Home Breaking News Fed Govt to JUSUN: reopen courts | The Nation

Fed Govt to JUSUN: reopen courts | The Nation

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By Yusuf Alli and Frank Ikpefan, Abuja 

Striking Judiciary and Parliamentary workers were on Tuesday asked to return to their duty posts.

The Federal Government said the reopening of the courtrooms by Judiciary Staff Union of Nigeria (JUSUN) and Houses of Assembly by Parliamentary Staff Associations of Nigeria (PASAN) will pave the way for the implementation of the Memorandum of Action (MoA) signed on May 20.

The MoA was reinforced at another meeting on June 4.

This was the outcome of Tuesday’s parley of the Presidential Implementation Committee on the Autonomy for the Judiciary and Legislature with stakeholders and how to end the JUSUN strike.

Other stakeholders at the meeting are: the Chief Justice of Nigeria (CJN) Justice Ibrahim Tanko Muhammad, members of the National Judicial Coouncil (NJC) and JUSUN representatives.

In a statement in Abuja by spokesman of his ministry, Charles Akpan, Labour and Employment Minister, Dr.  Chris Ngige decried a situation where the courts and the Legislature Chambers remained shut down across the country for no cogent reasons of non-adherence to the provisions of  the May 20 Memorandum of Action, which has 45 days implementation window.

The statement said: “The Federal Government has sadly noted that the MOA between all the stakeholders involved in the JUSUN/PASAN strike, mainly JUSUN/PASAN, Governors’ Forum and the Presidential Implementation Committee is yet to take effect because of non-compliance by parties.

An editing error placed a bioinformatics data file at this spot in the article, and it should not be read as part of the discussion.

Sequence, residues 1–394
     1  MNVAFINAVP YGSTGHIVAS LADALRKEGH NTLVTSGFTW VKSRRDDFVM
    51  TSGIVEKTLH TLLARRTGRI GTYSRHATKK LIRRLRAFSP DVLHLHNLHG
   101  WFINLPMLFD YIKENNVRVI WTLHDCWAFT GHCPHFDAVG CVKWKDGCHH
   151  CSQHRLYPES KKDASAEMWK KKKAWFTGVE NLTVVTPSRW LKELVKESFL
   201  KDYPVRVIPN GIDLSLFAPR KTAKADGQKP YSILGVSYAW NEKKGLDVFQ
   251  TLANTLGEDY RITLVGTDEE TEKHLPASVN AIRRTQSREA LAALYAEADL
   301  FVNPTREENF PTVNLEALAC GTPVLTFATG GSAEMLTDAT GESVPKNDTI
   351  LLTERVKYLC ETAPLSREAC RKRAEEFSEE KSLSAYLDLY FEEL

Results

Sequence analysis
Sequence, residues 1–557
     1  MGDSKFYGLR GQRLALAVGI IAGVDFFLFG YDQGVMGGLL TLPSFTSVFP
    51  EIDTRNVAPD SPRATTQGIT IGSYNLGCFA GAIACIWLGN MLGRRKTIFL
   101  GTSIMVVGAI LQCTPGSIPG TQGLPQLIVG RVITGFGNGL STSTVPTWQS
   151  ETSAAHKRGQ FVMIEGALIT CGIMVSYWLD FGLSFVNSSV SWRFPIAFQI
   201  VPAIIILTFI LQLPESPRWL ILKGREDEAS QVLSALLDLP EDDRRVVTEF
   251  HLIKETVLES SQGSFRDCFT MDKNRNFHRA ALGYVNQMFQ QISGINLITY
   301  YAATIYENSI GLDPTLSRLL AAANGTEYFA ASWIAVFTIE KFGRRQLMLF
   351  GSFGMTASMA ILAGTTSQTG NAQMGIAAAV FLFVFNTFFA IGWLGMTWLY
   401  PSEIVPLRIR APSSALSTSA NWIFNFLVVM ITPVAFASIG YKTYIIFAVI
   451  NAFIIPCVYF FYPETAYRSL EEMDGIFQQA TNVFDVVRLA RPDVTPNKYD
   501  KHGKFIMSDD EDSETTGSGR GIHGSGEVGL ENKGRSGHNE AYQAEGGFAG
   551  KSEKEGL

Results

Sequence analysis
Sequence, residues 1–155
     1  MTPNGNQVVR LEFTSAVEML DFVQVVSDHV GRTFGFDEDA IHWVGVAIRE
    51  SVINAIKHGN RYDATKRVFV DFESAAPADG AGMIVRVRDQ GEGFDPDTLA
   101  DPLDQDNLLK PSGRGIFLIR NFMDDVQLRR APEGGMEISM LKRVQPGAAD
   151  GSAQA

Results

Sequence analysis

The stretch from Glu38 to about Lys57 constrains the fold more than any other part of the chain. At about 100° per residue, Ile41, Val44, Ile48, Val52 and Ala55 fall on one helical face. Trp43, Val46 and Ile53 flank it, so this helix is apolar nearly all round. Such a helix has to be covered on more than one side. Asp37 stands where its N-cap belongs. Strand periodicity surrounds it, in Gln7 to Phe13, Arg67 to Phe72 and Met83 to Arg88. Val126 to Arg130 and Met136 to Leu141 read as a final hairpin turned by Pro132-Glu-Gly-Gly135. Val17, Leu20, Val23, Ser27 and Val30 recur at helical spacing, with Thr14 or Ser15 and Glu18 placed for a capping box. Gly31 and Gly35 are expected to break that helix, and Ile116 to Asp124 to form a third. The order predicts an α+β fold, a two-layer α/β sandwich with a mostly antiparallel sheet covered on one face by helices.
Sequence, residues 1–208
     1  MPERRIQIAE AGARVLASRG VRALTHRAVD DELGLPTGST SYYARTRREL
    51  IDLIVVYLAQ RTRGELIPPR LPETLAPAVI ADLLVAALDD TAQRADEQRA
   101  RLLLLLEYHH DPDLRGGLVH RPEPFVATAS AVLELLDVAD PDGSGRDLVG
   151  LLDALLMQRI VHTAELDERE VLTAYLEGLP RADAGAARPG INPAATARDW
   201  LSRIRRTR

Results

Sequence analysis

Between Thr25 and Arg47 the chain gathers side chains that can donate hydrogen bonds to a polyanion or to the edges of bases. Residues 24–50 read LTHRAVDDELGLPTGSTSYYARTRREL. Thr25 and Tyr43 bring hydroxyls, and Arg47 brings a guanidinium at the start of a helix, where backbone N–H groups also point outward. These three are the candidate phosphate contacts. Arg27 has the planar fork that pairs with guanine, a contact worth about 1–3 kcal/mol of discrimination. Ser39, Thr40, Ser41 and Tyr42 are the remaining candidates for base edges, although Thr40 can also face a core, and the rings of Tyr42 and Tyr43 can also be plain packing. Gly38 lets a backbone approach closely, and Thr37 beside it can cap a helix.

“We note that the strike has not been called off as of noon, today, June 8, 2021, leading to  courts and various Houses of Assembly still remaining under lock and key, contrary to the promise made by the two unions at  a further dialogue  which was attended by the President of the Nigeria Labour Congress (NLC).

“Unfortunately, all Federal courts have  remained closed, notwithstanding the fact that the Federal Government  operates a financial autonomy of the Judiciary through the National Judicial Council (NJC) and the National Assembly through the statutory transfer lines.”

The statement noted that many governors were desirous that the state  Assemblies be opened so that they could enact  the  laws meant to give  effect to the autonomy as enshrined  in the MOA.

It added:  “But we have advised all governors that have consulted  with their  heads of Judiciary and Legislature  to go ahead and credit the accounts of Judiciary and Legislature before finetuning the laws.”

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The statement also said: “We are worried  and, therefore, wish to appeal for the last time to all parties involved in the  signed agreement to abide by its spirit and letters, by  firstly reopening all the courts and the Houses of Assembly so that all other ingredients in the MOA can be given full compliance by all parties concerned.

“This much was agreed to between JUSUN/PASSAN and the Governors’ Forum at the last meeting  on Friday, June 4, 2021.”